DYE (54 of 55)

Magic Lao Carpet Co-Owner Lani Phaseuth shared her secrets, letting me follow the production of my own magic carpet during seven months.

A journey into the wonderful secrets of Lani Phaseuth and her carpets

In early 2019, I first discovered  Magic Lao Carpets   in a dusty alley in Vientiane, the capital of Laos.  Only a small handmade sign indicated the magic, unfolding behind the high grey wall.

During this first visit, I was completely captivated by the beauty coming out of the hands of the young women, working at the big looms in the workshop.  As I walked around in the workshop, I also had my first glimpse of  the complexity of the entire pre-production process.

Perhaps the quiet hum of the spinning wheels hypnotized me: On the spot I decided to have my own silk carpet made. Co-owner Lani Phaseuth allowed me to photo document the entire process and share her secrets with me. The following seven months became a fascinating journey into a marvelous symbiosis of Lao traditional design and the 5.000 year old tradition of handicraft in Turkmenistan.

DYE (25 of 55)

Magic Lao Carpets is a social enterprise, offering training and employment for disabled Lao youngsters.

My carpet is also a love story – between Lani and her husband Ismit, who came to Laos from far away Turkmenistan more than 20 years ago. Ismit brought the proud handicraft traditions from his homeland. Lani contributed with the beauty of Lao design. Together they created Magic Lao Carpet, which is also a social enterprise, offering training and employment for disabled Lao youngsters.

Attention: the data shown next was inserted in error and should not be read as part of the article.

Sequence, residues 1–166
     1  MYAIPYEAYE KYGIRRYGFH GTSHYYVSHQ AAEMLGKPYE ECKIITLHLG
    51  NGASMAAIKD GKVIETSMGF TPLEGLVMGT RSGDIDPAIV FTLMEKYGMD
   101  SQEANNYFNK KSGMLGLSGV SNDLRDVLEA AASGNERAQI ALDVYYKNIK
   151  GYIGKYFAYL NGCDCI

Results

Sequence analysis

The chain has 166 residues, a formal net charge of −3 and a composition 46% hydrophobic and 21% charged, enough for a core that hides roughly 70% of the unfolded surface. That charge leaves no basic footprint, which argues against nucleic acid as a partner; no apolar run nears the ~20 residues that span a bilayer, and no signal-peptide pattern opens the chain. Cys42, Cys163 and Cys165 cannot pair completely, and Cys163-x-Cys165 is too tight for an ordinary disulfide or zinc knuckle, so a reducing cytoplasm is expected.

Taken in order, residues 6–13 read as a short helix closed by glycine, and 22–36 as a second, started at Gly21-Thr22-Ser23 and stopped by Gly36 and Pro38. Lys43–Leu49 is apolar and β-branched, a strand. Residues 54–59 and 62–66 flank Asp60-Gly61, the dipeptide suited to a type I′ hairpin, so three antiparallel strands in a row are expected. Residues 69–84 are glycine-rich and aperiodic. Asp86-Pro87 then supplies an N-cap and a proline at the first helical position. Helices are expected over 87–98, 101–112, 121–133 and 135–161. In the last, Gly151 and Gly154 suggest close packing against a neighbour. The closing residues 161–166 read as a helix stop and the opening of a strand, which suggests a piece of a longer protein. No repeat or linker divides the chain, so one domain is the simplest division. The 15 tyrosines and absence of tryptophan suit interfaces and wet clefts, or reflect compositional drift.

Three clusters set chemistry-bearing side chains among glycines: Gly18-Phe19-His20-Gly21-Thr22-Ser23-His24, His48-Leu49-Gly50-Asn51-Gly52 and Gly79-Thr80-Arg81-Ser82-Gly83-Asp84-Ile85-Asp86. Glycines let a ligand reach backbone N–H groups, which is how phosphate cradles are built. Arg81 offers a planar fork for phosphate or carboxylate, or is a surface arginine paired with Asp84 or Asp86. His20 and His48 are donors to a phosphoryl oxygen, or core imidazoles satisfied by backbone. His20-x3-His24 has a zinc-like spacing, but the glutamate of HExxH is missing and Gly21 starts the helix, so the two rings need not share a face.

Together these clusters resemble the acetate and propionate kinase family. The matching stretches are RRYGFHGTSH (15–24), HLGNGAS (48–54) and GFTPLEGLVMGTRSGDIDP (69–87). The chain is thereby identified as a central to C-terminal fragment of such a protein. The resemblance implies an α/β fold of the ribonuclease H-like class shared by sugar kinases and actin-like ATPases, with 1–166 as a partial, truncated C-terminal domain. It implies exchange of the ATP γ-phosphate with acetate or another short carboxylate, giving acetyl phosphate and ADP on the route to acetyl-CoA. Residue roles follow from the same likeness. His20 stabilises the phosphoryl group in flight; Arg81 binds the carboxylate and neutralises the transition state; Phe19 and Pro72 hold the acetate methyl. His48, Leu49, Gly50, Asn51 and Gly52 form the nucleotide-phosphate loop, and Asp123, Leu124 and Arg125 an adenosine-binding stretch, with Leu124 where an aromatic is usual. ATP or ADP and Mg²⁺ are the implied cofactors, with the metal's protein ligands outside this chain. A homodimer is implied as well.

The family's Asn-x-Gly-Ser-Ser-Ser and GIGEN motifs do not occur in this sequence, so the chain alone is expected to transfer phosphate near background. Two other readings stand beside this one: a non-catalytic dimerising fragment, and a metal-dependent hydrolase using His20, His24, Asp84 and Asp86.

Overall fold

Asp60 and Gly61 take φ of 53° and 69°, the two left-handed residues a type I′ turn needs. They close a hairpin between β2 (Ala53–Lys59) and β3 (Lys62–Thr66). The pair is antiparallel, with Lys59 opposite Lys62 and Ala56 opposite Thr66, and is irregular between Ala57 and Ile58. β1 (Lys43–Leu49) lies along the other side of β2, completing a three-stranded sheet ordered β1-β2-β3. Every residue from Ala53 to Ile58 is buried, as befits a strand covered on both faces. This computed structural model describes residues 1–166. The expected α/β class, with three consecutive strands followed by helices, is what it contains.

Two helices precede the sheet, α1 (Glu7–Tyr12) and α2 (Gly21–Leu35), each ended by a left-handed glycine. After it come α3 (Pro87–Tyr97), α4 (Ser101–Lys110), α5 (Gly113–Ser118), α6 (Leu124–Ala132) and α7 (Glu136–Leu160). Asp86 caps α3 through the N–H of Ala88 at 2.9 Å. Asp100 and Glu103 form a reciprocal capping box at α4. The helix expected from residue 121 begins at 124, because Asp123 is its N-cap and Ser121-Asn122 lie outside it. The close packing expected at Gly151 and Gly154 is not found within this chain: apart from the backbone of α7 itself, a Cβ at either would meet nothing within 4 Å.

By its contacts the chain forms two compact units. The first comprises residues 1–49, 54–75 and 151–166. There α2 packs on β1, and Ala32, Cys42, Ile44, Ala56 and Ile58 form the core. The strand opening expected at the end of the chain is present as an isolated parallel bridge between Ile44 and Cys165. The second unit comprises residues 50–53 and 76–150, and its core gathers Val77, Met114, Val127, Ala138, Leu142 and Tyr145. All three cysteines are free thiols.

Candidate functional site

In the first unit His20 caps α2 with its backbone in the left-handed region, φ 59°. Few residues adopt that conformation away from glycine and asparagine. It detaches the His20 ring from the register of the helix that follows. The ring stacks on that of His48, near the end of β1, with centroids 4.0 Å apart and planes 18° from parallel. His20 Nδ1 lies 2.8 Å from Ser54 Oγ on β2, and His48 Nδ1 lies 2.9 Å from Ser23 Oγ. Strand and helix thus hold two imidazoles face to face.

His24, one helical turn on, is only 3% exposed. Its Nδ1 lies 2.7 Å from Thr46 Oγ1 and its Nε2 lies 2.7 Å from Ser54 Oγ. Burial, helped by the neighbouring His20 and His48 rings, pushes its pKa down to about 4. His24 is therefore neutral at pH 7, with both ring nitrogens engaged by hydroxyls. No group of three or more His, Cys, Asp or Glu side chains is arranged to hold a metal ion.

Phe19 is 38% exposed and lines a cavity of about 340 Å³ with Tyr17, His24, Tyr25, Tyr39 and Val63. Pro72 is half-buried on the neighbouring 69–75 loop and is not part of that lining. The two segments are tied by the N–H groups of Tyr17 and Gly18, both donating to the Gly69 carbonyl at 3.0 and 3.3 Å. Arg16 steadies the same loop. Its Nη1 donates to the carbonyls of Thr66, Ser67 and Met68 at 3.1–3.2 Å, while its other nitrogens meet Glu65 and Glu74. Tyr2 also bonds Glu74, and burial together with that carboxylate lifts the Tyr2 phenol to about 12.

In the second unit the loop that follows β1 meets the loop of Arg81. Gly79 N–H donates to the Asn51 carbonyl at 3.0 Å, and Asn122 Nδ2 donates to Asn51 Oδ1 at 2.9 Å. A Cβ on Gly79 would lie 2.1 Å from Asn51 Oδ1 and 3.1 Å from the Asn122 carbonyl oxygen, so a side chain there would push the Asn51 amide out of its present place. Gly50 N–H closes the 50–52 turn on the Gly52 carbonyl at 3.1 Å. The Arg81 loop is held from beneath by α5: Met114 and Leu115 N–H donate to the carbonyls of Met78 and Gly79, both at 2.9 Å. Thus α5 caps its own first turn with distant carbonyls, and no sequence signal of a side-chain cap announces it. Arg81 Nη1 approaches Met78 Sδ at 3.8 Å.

The farm


100.000 worms devoured 1.500 kg of mullberry leaves to produce the silk tread for my carpet.

My personal learning experience started at Lani’s silk farm an hours drive from Vientiane. On a stifling hot Saturday morning Lani and her staff took me around in the mulberry fields and in the outhouses, where the worms are eating their way through their short life.   Please click here for the story of my meeting with the greedy little bastards.

About a month later, the worms had done their job. I returned to the workshop to learn about the next steps, that is how to get the sticky stuff removed from the fine tread. The worms only deliver some stiff and unattractive mess, which is impossible to use without further processing.

Yarn (44 of 57)

The yarn for my carpet is boiled and washed several times to get rid of the sticky stuff, left behind by the silk worms.

“First, to do the degumming we boil the yarn with lye from the rice straw ashes  to make it shiny and soft.  This takes about 30 minutes at 80-90c. When the yarn has dried up, we wash it one more time with iron sulfate in the water to remove all the glue. The process is relatively easy but takes time and lots of water – about 60 liters per 2 kilos of yarn. After that we wash the yarn many times in water to remove all the glue,” Lani explained.

Please click here to learn more about how you get that raw silk right.

DYE (12 of 55).jpg

The three colors of my carpet: Burgundy, honey and golden.

Colors from Mother Earth

With the month of June comes the monsoon, and stiffling hot turns into stiffling hot and humid.  I am back to learn about the production of natural colors and the dyeing process.

Somehow, Lani manages to keep the workshop pleasantly cool without any air-con.  Only mechanical ventilation is bringing about a gentle breeze in the workshop.  The humming fans, the giant pots with boiling water, the cracking fire wood, a couple of water hoses and the spinning wheels are joining each other in a minute symphony.  It is all very, very nice.